A lawyer who has refused to pay federal income taxes and declared he intended to continue doing so has been permanently disbarred by the Florida Supreme Court.
The July 1 court opinion noted the case was unusual in that while other Bar members have been disciplined for failing to pay taxes, in this case the lawyer declared in oral arguments before the justices that he would continue to refuse to pay taxes.
The lawyer argued that the tax code and federal laws did not apply to him, an argument the court pointedly rejected. The justices noted basic legal research would have discovered court cases that specifically rejected the lawyer’s contentions.
The court said that while it has in the past disciplined lawyers for failing to file or pay their income taxes, “In this instance, however, our prior cases sanctioning lawyers for failing to file income tax returns or to pay income taxes provide only limited guidance because we are, for the first time, presented with a lawyer who declared at oral argument before this Court that he fully intends to maintain his current course of conduct, i.e., he will continue to not file federal income tax returns and to not pay federal income taxes on money he earns in his law practice, apparently until someone shows him a more definitive law or United States Supreme Court opinion that disabuses him of his faulty beliefs. Such a stance is anathema to an attorney’s ethical obligation to respect and obey the law.”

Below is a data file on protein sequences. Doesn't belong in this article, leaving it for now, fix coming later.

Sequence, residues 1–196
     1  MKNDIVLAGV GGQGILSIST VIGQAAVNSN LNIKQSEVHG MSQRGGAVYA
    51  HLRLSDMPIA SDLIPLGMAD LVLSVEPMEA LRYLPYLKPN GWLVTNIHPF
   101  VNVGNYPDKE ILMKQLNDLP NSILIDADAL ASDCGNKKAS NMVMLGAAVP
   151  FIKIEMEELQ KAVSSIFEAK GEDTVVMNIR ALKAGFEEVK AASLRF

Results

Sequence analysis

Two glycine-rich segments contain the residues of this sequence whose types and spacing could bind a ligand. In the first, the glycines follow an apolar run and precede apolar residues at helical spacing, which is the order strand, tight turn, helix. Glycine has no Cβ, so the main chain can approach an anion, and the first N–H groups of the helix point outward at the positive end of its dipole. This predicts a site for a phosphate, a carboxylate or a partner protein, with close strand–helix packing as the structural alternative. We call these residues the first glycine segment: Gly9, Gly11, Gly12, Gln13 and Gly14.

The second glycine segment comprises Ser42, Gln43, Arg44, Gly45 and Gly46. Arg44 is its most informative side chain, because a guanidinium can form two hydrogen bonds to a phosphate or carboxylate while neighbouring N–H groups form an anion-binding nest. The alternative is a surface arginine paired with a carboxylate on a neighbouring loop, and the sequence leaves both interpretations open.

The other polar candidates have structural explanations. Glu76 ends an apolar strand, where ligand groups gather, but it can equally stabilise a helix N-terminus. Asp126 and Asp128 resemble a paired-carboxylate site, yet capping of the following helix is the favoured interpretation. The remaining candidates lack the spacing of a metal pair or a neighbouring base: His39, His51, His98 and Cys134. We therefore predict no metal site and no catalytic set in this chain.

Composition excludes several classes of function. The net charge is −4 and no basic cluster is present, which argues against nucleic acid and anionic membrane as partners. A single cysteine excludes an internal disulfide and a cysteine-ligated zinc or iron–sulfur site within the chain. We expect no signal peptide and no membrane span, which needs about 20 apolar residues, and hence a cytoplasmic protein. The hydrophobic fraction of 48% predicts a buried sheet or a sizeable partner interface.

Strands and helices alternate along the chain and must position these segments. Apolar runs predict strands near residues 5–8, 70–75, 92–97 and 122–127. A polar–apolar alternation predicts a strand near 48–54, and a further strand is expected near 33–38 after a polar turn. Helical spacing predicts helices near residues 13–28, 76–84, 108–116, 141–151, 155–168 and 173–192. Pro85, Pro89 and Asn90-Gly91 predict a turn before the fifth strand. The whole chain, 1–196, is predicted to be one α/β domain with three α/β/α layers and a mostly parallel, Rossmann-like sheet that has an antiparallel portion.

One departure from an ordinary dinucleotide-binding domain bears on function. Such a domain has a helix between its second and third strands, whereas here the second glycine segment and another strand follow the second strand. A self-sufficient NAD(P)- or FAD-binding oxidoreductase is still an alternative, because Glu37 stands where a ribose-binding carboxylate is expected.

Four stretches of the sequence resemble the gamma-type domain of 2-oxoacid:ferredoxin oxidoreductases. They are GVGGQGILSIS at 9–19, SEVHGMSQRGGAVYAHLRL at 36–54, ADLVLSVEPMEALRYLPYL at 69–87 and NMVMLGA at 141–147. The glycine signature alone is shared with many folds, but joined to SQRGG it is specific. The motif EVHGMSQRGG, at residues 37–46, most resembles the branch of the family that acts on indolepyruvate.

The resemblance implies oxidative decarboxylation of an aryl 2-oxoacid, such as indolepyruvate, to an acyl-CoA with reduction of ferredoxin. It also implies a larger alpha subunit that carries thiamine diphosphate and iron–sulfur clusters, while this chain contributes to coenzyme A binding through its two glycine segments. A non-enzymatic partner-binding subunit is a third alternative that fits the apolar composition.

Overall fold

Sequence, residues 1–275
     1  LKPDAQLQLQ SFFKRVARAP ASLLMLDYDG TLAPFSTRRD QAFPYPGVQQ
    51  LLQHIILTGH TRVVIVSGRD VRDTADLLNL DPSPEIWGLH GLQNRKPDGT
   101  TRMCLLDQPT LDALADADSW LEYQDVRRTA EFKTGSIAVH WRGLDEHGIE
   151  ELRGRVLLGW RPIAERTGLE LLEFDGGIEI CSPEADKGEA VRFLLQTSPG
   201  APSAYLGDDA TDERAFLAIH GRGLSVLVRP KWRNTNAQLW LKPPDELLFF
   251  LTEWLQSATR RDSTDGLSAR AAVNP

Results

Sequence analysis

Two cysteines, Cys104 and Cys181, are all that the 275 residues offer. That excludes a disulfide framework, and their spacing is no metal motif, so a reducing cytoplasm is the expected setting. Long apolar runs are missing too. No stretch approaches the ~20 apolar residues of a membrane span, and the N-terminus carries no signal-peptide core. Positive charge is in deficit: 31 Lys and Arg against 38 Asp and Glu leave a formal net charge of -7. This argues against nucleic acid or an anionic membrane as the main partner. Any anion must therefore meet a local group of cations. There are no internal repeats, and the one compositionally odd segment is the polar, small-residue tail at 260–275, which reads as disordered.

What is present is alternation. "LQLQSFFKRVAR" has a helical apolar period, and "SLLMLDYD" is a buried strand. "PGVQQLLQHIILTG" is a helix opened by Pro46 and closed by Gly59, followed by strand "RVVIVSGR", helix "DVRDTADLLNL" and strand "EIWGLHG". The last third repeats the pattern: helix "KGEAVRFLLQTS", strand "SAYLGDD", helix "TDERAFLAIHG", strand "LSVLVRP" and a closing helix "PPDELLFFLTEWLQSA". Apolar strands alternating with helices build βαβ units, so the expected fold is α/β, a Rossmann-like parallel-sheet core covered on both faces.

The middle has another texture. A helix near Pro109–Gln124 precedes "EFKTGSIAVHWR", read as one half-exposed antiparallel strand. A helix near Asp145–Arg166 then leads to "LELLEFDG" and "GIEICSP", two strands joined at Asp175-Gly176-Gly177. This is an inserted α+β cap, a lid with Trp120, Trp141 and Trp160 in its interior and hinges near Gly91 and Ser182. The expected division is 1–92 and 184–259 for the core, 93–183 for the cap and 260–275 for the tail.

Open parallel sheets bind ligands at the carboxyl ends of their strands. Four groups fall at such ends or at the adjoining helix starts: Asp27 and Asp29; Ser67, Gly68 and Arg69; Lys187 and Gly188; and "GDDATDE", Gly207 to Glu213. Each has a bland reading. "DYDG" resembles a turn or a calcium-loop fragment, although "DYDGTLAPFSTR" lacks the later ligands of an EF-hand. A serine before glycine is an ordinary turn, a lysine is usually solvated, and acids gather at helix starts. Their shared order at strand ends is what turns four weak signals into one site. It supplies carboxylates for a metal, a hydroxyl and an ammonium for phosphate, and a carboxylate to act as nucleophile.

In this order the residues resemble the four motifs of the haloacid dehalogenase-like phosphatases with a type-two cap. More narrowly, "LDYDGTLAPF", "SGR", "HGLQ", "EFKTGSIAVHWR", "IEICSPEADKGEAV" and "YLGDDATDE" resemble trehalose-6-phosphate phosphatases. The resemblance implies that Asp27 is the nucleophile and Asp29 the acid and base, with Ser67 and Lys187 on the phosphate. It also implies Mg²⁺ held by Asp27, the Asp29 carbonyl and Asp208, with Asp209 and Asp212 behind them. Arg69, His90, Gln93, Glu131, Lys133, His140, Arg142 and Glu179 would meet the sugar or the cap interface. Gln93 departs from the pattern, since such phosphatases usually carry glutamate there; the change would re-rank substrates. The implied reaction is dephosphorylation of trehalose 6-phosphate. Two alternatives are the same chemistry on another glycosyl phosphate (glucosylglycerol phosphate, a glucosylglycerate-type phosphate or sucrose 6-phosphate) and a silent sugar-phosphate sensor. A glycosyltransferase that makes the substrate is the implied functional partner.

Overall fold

The court added, “While a lawyer, on behalf of a client or even on his own behalf, may raise any legal argument that he deems supported by law, he may not use his own unsupported interpretation of the laws to place himself above the law. We view [the lawyer’s] actions to be a violation of his basic ethical obligation as a lawyer and his intentional actions to be flagrant violations of the Rules Regulating The Florida Bar.”
In mitigation, the court noted the attorney at the time he stopped paying income taxes had been injured in a serious automobile accident that also killed members of his family. However, the court also noted he had previously been publicly reprimanded and suspended for 90 days in earlier cases. In the present case, the referee also found that the attorney had failed to follow Bar trust accounting rules, although there were no allegations that any clients had lost money.
“[H]e has openly declared his intention at oral argument to persist in refusing to file income tax returns ‘[u]nless the law changes or unless someone can show me a law that makes me clearly liable for income tax, for federal income tax.’ By his own voluntary actions, [the lawyer] has forfeited his privilege to practice law.
“The only appropriate sanction under these circumstances — cumulative misconduct and a persistent course of unrepentant misconduct — is permanent disbarment from the practice of law.”
The lawyer was also ordered to pay the Bar’s costs of $21,086.72. The court acted in case no. SC07-661.